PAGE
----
Neuronal injury biomarkers

A neurone is a specialized type of cell found within the central and peripheral nervous systems. Neurones are electrically excitable which process and transmit electrical and chemical signals. They interface with adjacent neurones by means of synapses to form neural networks. There are two biomarkers that can be used to measure neuronal injury: neurone specific enolase (NSE) and ubiquitin C-terminal hydrolase isozyme L1 (UCH-L1).


NSE is an enzyme found in neuronal cell bodies throughout the nervous system. It is located in other non-neuronal sites, most notably erythrocytes. It has been shown to be elevated after neurone injury [50]. In patients with severe TBI, blood levels of NSE at 72 hours post injury showed an association with adverse outcomes [51].

Several reports on blood NSE measurement in patients with mTBI have been published, but most conclude that serum NSE appears to have limited utility as a marker of neuronal injury [50,52-55], particularly as hemolysis appears to cause false positive results [56,57].


UCH-L1 is a protein which is involved in the metabolism of ubiquitin within neurones [58]. Increases in blood UCH-L1 has been detected in the serum of mild and moderate TBI patients within an hour of injury [59]. Levels taken within 4 hours of injury were significantly higher in those with TBI lesions on CT than those with a normal intracranial appearance at CT. Blood levels of UCH-L1 have been demonstrated to be able to discriminate between mTBI patients from patients without head injuries and, similar to GFAP, UCH-L1 levels were much higher in patients who required neurosurgical intervention [59].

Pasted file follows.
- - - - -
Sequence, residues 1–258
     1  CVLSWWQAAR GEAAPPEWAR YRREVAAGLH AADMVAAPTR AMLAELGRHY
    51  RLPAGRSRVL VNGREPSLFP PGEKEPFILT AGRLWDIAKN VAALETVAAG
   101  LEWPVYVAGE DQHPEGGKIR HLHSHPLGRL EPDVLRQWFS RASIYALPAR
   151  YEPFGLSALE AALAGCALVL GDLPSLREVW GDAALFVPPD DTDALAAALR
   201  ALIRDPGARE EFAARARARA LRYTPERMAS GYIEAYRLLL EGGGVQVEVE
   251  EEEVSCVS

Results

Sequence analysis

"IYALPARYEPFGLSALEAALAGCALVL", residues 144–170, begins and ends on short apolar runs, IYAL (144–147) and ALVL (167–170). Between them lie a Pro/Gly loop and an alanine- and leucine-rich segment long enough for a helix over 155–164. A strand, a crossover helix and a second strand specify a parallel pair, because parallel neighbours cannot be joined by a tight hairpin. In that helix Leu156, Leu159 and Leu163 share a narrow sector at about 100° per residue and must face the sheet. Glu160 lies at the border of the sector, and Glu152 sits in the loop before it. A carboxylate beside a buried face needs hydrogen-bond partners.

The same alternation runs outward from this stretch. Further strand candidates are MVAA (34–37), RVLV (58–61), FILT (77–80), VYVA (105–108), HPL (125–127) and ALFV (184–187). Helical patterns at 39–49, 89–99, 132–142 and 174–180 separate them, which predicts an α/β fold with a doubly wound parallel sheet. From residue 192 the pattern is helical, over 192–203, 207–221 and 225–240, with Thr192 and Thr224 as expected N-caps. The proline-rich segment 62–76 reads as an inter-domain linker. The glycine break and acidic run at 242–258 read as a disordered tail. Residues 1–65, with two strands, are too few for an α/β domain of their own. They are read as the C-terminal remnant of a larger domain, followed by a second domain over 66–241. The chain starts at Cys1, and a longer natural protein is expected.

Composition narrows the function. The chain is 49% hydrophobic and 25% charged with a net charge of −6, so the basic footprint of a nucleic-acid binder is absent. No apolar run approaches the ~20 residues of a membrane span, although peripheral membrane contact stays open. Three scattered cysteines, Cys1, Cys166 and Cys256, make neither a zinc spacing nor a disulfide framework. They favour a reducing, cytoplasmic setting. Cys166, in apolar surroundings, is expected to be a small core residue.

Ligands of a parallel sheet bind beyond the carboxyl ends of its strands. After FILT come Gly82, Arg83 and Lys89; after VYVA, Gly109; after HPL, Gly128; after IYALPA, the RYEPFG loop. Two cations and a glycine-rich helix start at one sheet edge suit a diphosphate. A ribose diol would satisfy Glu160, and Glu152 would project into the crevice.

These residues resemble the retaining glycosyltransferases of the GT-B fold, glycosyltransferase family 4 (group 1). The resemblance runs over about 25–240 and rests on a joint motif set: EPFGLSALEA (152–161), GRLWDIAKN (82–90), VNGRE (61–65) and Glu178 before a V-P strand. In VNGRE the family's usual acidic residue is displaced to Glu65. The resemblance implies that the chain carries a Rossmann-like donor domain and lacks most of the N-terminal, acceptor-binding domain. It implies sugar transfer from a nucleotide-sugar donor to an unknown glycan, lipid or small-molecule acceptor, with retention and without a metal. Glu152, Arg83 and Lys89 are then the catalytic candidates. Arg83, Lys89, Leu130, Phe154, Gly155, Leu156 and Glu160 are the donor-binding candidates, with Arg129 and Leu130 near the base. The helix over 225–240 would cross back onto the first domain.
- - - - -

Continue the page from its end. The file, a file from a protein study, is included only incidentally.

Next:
Takala et al. [60] compared serum UCH-L1 and GFAP levels in a prospective trail of 324 patients with TBI. Patients with full recovery and more favourable outcomes (as measured by the Glasgow Outcome Score) had significantly lower UCH-L1 and GFAP levels in the 48 hours immediately following injury.


Until recently, most studies examining neuro-biomarkers had focused on severe TBI. However, as more than 80% of patients with neurological injury have mTBI there is a growing need for a rapid and reliable neuro-biomarker test to aid emergency physicians with diagnosis in this patient group [61,62].

This review identifies a number of neuro-biomarkers which could potentially be used in mainstream clinical practice to facilitate the diagnosis of patients with mTBI. It is our belief that for a neuro-biomarker to be usable in the ED to diagnose mTBI it must fulfil the following criteria: 1) levels must be measurable in peripheral blood shortly after the onset of injury, 2) the test should have sufficient sensitivity to be able to diagnose mTBI, and 3) levels are unaffected by non-head trauma.

Based on these criteria, the most promising neuro-biomarkers appear to be GFAP and UCH-L1 as these show significant level rises in peripheral blood shortly after injury and and the levels are unaffected by non-head trauma. Additionally, both have been demonstrated to correlate with long-term clinical outcomes. It appears that GFAP has a consistent ability to detect TBI over the 7 days following injury, whereas UCH-L1 seems to be limited to the early post injury period [63].